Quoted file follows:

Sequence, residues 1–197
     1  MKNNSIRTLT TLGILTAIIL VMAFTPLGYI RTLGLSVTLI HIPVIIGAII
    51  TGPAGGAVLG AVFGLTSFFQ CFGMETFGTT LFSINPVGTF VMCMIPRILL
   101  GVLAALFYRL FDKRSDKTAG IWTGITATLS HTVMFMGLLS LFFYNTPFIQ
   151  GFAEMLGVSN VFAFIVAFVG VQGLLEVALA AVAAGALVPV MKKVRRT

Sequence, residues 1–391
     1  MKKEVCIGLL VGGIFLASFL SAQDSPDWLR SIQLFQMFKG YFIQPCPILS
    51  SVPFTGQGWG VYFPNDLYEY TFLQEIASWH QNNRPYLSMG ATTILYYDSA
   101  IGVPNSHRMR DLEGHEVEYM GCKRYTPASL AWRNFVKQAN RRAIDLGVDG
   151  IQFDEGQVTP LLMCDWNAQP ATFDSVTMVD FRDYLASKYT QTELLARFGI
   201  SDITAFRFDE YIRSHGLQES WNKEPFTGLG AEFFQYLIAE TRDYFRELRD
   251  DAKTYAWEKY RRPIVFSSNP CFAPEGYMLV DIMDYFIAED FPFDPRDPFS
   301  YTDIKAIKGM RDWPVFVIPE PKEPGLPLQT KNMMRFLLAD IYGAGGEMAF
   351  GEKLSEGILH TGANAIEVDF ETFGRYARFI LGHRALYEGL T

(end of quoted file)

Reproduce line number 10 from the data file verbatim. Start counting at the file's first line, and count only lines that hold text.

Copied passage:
   151  IQFDEGQVTP LLMCDWNAQP ATFDSVTMVD FRDYLASKYT QTELLARFGI